three acts, two dancers, one radio host
Monica Bill Barnes, Anna Bass & Ira Glass
“…brainy, playful, taking pleasure in the warmth and awkwardness of human interaction”
- The New Yorker
Monica Bill Barnes & Company and Ira Glass, host of This American Life, have been working together to combine two art forms that – as Ira puts it – “have no business being together – dance and radio.” The result is a funny, lively and heartfelt evening of dance and stories that has brought down the house wherever it’s been performed, starting with its first test run at Carnegie Hall in 2013.
The show includes radio interviews restaged as dance pieces, plus stories from the lives of each of the three performers, Ira Glass, Monica Bill Barnes and Anna Bass. “What makes it work is a shared sensibility,” Glass says.
“As dancers, Monica and Anna are these amazingly relatable and funny storytellers without words.” Bass notes, “I think it’s still blowing Ira’s mind to see some of the radio pieces remade this way, with props and costume changes and lighting cues.” Barnes adds, “combining these art forms has led to a show that’s unlike anything I’ve ever choreographed before.”
As the title indicates, the show is in three acts. Act one is about the job of being a performer. Act two: falling in love and what it means to stay in love. Act three: nothing lasts forever. “People who like This American Life will probably like this,” says Glass “because it’s just like the radio show, um, if you picture dancing during all the stories.”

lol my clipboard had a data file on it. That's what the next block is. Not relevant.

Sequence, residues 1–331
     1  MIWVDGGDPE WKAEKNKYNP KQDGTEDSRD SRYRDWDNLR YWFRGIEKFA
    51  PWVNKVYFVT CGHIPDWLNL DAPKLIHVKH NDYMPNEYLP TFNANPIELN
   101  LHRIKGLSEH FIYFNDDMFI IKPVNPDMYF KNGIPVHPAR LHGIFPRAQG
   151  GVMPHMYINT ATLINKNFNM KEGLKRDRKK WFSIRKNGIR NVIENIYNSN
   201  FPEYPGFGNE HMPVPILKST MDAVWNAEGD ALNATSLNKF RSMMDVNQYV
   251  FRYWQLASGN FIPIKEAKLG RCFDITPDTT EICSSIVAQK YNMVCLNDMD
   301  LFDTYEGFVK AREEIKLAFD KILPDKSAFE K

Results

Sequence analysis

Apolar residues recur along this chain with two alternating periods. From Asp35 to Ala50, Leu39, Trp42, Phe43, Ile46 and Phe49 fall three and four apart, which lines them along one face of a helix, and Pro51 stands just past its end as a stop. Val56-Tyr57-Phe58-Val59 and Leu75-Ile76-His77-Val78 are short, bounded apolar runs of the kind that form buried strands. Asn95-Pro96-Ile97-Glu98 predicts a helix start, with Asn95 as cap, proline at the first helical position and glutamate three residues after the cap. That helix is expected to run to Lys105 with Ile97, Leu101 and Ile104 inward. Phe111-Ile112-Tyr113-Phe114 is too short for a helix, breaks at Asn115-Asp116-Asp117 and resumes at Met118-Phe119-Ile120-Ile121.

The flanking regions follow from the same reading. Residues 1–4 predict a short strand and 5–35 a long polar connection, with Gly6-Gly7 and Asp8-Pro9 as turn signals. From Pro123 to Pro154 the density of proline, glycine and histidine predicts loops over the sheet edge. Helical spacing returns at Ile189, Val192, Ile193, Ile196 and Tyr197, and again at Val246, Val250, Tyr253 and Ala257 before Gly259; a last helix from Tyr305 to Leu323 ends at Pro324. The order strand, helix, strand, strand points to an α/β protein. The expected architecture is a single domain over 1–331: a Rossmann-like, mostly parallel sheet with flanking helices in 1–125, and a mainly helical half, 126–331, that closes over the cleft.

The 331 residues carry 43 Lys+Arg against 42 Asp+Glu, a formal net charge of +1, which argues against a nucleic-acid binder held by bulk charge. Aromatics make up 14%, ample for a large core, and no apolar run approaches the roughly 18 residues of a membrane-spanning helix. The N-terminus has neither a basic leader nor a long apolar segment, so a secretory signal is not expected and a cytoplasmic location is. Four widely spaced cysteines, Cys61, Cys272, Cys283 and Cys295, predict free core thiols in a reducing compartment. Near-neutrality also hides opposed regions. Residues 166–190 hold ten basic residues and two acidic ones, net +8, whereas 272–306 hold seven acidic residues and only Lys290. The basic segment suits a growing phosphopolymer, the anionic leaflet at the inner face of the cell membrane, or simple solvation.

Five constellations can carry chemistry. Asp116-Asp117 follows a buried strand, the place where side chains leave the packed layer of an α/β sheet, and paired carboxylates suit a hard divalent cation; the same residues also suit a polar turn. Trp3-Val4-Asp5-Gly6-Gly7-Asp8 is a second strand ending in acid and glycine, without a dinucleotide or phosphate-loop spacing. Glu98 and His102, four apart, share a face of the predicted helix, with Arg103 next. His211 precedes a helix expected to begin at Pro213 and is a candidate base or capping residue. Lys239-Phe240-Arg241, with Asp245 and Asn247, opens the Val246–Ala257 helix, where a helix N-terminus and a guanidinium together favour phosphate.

“What’s so wonderful about “Three Acts” is how unselfishly Glass managed to show, rather than tell, the relevance of dance in daily lives and how, without words, dancers communicate things that may take him an hour-long episode to say. And lucky them, they do it all without worrying about the FCC.”
-The Washington Post
“Ira Glass and the dancers have a similar sensibility— brainy, playful, taking pleasure in the warmth and awkwardness of human interaction.”
- The New Yorker
“To me, however, most revealing were the moments when he (Glass) danced. Few things expose a person's inner nature more than dancing, and watching him move alongside Barnes and her long-time collaborator Anna Bass showed off a boyish quality—as well as an earnest giddiness. He let down his sophisticated guard, and just allowed himself to be awkward. But best of all was how every time he finished a sequence of steps, a giant grin spread across his face. I couldn't help it: One spread across mine, too.”
Three Acts, Two Dancers, One Radio Host is made possible with support from The Dianne and Daniel Vapnek Family Fund, The Rockefeller Brothers Fund, the National Endowment for the Arts, and Jody and John Arnhold. This work was developed during a Choreographic Fellowship at the Maggie Allesee National Center for Choreography at Florida State University, and was also support through the Media Fellowship Initiative at MANCC.
This program is exclusively co-represented by Steven Barclay Agency and Pomegranate Arts.
Select photo credits David Bazemore, Mallory Lynn